Lens filters are still really useful, even in the digital age, but the bigger the size, the more they cost.

Basic kit lenses have smaller filter rings than super-zooms or pro-quality fixed-aperture zooms, so you could save money in ways you never expected.

A Hoya Pro1 circular polariser costs £60/$58 in the smaller kit lens size but £110/$100 in the 77mm fitting needed for the f/2.8 Canon and Nikon pro lenses above.

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Be aware that there is one drawback to kit lenses with filters, however – many kit lenses have front elements which rotate as the lens focuses.

It saves money but it makes it harder to use filters which need to be rotated to specific angles.

Benefits of Cheap Kit Lenses: 04. Close focus capability

Kit lenses are designed to be as versatile as possible and may be better than you think in areas you hadn’t expected – namely close-focusing capability.

Both the Canon and Nikon kit lenses mentioned above focus considerably closer than their professional equivalents.

The Nikon 18-55mm f/3.5-5.6 has a minimum focus distance of 0.28m and the Canon 18-55mm f/3.5-5.6 can focus right down to 0.25m.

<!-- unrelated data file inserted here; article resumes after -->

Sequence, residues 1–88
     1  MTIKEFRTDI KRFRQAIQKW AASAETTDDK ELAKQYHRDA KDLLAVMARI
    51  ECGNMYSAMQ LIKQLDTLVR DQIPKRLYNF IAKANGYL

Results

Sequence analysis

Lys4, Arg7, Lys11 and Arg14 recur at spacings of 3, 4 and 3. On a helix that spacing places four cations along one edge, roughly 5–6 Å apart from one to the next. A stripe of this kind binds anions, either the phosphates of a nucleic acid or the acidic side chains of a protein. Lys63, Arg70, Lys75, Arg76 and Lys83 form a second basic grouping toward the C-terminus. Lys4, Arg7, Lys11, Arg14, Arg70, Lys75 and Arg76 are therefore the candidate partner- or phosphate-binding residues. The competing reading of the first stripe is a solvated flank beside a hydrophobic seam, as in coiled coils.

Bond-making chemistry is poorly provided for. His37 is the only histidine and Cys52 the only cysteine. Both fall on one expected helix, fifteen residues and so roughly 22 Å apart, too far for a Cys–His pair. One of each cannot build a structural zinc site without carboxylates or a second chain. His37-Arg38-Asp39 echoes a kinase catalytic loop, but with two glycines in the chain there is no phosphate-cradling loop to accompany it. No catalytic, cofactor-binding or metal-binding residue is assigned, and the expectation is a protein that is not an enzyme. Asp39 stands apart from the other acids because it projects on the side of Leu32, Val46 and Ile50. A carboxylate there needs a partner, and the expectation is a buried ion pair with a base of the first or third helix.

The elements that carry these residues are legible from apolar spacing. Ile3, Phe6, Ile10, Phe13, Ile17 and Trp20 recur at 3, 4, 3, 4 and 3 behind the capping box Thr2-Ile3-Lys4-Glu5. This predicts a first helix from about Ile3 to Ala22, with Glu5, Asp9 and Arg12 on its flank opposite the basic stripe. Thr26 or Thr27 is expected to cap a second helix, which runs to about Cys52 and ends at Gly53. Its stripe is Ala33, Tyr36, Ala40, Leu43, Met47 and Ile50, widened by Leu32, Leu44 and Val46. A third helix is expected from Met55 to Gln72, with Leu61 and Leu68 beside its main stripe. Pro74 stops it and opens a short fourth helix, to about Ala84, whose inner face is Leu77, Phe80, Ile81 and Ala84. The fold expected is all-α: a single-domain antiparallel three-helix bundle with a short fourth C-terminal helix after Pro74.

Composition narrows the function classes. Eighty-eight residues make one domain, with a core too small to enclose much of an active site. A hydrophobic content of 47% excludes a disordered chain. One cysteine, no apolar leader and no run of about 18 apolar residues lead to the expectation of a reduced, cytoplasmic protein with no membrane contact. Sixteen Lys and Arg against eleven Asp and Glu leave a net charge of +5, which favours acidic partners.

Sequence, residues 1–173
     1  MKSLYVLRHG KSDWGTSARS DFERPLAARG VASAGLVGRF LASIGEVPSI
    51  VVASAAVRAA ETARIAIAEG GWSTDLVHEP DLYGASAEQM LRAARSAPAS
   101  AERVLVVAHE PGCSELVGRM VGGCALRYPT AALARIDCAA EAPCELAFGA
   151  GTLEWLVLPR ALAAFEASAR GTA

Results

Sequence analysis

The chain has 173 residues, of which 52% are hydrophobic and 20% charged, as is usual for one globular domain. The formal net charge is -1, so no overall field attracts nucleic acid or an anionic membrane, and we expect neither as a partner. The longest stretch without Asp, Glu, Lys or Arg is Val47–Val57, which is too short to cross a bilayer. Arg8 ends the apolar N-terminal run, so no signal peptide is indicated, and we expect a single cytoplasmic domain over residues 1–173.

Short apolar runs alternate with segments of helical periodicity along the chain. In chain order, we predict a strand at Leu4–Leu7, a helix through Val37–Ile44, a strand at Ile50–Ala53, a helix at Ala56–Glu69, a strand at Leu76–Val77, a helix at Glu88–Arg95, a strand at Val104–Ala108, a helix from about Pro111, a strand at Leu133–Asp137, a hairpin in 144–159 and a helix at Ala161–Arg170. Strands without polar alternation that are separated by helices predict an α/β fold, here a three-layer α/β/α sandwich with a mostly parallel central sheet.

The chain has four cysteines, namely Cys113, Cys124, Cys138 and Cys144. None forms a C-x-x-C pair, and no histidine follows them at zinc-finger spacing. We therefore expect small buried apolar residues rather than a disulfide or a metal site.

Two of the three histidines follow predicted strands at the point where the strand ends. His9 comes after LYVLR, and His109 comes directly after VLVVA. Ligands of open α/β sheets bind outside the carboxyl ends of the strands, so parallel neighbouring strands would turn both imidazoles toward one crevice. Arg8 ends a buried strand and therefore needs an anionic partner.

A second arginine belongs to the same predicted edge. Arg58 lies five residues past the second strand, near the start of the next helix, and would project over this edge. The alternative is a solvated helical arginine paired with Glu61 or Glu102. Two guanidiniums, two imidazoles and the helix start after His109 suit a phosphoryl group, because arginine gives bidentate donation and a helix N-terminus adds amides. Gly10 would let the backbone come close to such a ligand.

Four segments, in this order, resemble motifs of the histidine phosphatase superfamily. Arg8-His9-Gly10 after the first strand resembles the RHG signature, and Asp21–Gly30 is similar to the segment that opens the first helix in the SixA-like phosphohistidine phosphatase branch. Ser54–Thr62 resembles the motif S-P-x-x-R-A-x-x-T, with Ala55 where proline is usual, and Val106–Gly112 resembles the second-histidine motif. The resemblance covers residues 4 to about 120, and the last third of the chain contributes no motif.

The minimum focus distance doesn’t change as you zoom, so the trick is to use the maximum zoom setting for close-ups to make objects as big as possible.

Neither kit lens will give you true macro capability, but both are capable of filling the frame with surprisingly small objects.


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  • QueenPinky

    I dig this article. Just ordered my Canon SL1 and I’ve been thinking a lot about the kit lens that its coming with. This article kinda rounded out my personal ideas about the lens. I especially like the idea that using the kit lens will help you understand what lens you need, if you need another one. There is no way I know, at this present moment which prime lens I need for my style of shooting, but I can observe my focal lengths and f stops with a kit lens and make a prime decision when I’m ready!

    Thank you for sharing!

  • Kirk Billingsley

    I am a lens junkie but I always find a time and place for my kit lenses.

  • pete guaron